Explained: 10 short answers to 5 key points on Iran nuclear deal

An Iranian flag flutters in front of the United Nations headquarters, during an International Atomic Energy Agency (IAEA) board of governors meeting, in Vienna. (Reuters/Heinz-Peter Bader)
After 18 months of negotiating, Iran has come to a preliminary agreement with China, Russia, France, UK, US and Germany (P5+1) on Tehran’s nuclear program. But what is Iran giving up to seal the deal and how can it benefit in the long run?

Uranium enrichment – Iran has agreed to only enrich uranium to 3.67%

What is it? The process of turning uranium found in the ground into nuclear fuel that can be used to create nuclear energy, or potentially a nuclear bomb.

Why is it important? To build a nuclear bomb, uranium needs to be enriched to about 90 percent. The 3.67 percent agreed by Tehran means it would be practically impossible for Iran to build a nuclear weapon, but would allow it to use nuclear material for peaceful purposes.

The outcome: Iran gets to keep its nuclear program, albeit a limited one, while the likes of the US now know it will be much harder for Tehran to build a bomb.

Iranian workers stand in front of the Bushehr nuclear power plant. (Reuters/Majid Asgaripour)

Centrifuges – Iran cuts centrifuges from 19,000 to 6,104, with 5,060 for enrichment

What are they? Centrifuges are vital to extract nuclear fuel from uranium in its mineral form. They work by spinning around at high speeds, which separate the different particles, eventually just leaving enriched uranium

Why are they important? The 6,000 or so centrifuges Iran has been allowed to keep are first generation and not the technically-advanced modern versions. This is like comparing a regular family car with a Formula 1 car, with Iran getting the former. If Tehran wanted to build a bomb now, it would take a very long time.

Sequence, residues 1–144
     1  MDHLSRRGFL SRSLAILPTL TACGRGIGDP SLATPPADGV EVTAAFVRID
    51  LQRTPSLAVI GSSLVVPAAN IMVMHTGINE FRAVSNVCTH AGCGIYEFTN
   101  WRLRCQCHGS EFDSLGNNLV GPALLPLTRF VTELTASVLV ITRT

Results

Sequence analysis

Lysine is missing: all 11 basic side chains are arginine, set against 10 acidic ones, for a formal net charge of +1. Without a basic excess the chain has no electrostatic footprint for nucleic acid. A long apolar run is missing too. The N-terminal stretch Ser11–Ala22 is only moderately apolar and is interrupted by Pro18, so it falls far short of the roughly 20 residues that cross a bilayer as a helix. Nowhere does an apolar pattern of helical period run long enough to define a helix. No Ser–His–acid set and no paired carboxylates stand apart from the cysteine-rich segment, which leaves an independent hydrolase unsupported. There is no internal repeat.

The outcome: Israel and US Republicans wanted Iran to give up all its centrifuges, while Barack Obama was originally prepared to let it keep 6,500.

Uranium enriching centrifuges. (Reuters/Caren Firouz)

Uranium stockpiles – Iran to cut the amount it keeps from 10,000kg to just 300kg

What are they?Uranium is the key ingredient necessary in order to operate a nuclear program. Once it has been enriched, it can be used to generate power or create a nuclear weapon.

Why are they important? By giving up 97 percent of its uranium stockpiles, Tehran has effectively given up any possibility to create a nuclear bomb.

The outcome: By reducing its stockpiles, Iran has increased transparency with the International Atomic Energy Agency (IAEA), while also making a commitment to use its nuclear program for peaceful purposes.

(Image from Wikipedia)

Inspections – IAEA will have access to all Iran’s nuclear facilities

What is it? The IAEA is an organization that promotes the peaceful use of nuclear power and is against the building of nuclear weapons that are used for military purposes.

Why is it important? This will allow the international community to see if Iran is keeping its end of the bargain. The IAEA will be able to monitor everything concerning Tehran’s nuclear program – from the reactors to the materials, such as uranium and centrifuges.

The outcome: With such transparency in place, it would be almost impossible for Iran to develop a nuclear weapon without getting caught.

International Atomic Energy Agency (IAEA) Director General Yukiya Amano (Reuters/Heinz-Peter Bader)

Sanctions – Iran will see crippling sanctions lifted, if it keeps its end of bargain

What are they? The latest sanctions were introduced against Iran in 2006 after Tehran refused to halt its uranium enrichment program.

Why are they important? Sanctions introduced against Iran have had a devastating effect on its economy. Areas such as oil and gas have been affected, while Tehran’s finance sector was also hit. This made it difficult for to trade on the world market, while areas such as Iran’s aviation industry suffered, as they were unable to get spare parts from the US and the West.

The outcome: The sanctions will only be fully lifted once Iran has proven it has stopped its nuclear enrichment program. Once they are lifted, it will be a massive boost to Tehran’s economy as it will increase trade and see new investment into the country.

Reuters/Raheb Homavandi

Fallout from Iran nuclear deal

If Iran keeps its end of the deal, the West will know Iran’s nuclear program is peaceful. For Tehran, it will be able to produce nuclear energy, while also be showing to the Iranian public that it has not caved in to the demands of the US and its allies.

(Reuters/Ruben Sprich)

The nuclear deal reached between Iran and the P5+1 group (China, France, Russia, UK and US) and Germany is a victory in diplomacy. However, it has the potential to destabilize the region, with Saudi Arabia and Israel both wary of any thawing of relations between Iran and the West. Riyadh has already stated it wants its own nuclear program, while Israel’s relations with Washington have hit their lowest point for years.